Country-of-origin labeling

Proponents of country-of-origin labeling have scored a major hit. The 2002 Farm Bill, signed by President George W. Bush, mandates country-of-origin labeling for meat, produce, fish, and peanuts.

To bear the U.S. label, meat products must come only from livestock born, raised, and slaughtered in the United States. The U.S. Department of Agricul-ture is expected to issue regulations implementing the mandate in September. Meat packers are concerned that USDA may establish a fee for certifying and auditing the labeling program.

The American Meat Insti-tute estimated the new labeling requirement will result in nearly $1 billion in added annual costs for the livestock, red meat, and supermarket industries plus an additional $60 million a year for USDA to oversee the program.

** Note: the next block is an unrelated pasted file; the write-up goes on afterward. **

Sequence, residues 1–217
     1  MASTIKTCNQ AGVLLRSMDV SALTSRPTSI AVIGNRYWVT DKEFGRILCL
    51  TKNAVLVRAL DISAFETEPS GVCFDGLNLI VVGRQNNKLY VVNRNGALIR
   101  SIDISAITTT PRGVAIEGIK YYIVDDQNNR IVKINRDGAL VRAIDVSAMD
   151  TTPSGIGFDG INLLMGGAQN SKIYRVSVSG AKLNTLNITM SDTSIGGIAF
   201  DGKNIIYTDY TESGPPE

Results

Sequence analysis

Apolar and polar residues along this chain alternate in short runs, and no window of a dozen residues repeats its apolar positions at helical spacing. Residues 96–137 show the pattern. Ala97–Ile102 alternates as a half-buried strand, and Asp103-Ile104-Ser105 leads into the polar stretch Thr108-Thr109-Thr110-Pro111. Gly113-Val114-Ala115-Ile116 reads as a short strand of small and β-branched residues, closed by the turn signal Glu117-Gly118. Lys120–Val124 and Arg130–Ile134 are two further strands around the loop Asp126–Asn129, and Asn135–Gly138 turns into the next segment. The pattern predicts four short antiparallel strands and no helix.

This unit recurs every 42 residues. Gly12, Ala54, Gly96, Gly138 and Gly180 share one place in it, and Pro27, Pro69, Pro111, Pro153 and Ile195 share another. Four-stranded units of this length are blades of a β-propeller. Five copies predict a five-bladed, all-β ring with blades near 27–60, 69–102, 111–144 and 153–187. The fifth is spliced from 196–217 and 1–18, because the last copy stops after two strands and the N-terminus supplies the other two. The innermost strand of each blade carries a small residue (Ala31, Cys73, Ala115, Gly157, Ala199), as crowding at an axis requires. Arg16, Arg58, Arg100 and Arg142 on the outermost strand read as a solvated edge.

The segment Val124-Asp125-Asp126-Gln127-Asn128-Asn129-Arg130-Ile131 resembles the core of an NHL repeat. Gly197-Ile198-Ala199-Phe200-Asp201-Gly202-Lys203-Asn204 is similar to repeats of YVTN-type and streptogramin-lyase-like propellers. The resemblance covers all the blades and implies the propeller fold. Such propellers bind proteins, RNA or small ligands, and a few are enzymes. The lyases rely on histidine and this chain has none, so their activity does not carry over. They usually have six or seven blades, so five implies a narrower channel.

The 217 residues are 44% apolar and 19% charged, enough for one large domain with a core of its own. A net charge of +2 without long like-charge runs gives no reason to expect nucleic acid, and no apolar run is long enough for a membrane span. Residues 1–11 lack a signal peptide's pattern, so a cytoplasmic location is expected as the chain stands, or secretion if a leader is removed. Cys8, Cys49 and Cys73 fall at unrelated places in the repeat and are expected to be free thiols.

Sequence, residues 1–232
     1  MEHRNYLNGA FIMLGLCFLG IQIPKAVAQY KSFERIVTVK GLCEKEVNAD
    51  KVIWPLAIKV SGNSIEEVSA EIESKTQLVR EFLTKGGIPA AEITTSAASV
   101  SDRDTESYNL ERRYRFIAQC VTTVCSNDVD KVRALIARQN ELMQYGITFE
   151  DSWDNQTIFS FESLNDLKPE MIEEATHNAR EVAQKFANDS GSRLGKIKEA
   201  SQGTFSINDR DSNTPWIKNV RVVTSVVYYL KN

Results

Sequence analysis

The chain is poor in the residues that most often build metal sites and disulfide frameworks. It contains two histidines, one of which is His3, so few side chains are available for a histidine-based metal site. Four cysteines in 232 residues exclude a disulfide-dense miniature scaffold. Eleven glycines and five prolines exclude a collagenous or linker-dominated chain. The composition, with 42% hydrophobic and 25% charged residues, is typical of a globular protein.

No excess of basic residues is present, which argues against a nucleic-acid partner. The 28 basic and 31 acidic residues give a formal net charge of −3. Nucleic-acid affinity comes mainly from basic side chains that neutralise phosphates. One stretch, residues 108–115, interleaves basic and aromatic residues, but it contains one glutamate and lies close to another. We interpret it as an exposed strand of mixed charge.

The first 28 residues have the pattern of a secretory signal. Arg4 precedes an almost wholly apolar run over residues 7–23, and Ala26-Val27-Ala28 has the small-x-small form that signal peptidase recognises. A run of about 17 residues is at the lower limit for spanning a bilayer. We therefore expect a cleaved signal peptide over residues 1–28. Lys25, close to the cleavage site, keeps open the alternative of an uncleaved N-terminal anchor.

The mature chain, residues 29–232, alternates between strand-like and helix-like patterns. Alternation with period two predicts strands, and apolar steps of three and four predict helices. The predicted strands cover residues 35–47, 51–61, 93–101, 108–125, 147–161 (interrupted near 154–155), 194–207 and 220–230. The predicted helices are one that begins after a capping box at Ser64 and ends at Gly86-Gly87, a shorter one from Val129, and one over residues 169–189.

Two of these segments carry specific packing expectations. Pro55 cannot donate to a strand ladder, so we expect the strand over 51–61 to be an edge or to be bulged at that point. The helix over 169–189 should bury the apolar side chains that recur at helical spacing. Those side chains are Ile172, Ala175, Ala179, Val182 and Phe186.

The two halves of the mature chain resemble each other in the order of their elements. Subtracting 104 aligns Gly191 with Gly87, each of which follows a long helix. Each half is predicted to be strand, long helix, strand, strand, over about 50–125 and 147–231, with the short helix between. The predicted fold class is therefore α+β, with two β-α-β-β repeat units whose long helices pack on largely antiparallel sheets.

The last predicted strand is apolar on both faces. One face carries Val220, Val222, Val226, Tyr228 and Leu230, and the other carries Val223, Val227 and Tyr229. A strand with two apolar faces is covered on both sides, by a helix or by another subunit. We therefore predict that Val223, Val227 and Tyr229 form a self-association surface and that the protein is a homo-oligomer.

The Food Marketing Insti-tute noted the difficulties in country-of-origin labeling for supermarkets, which receive boxes of meat from cattle born and raised in Canada, Mexico, and the U.S. Cattle are often born in one country and raised in another. “A labeling mandate for beef would require costly changes throughout the supply chain,” FMI said.

Both AMI and FMI warned that country-of-origin labeling is protectionist and does nothing to promote food safety.

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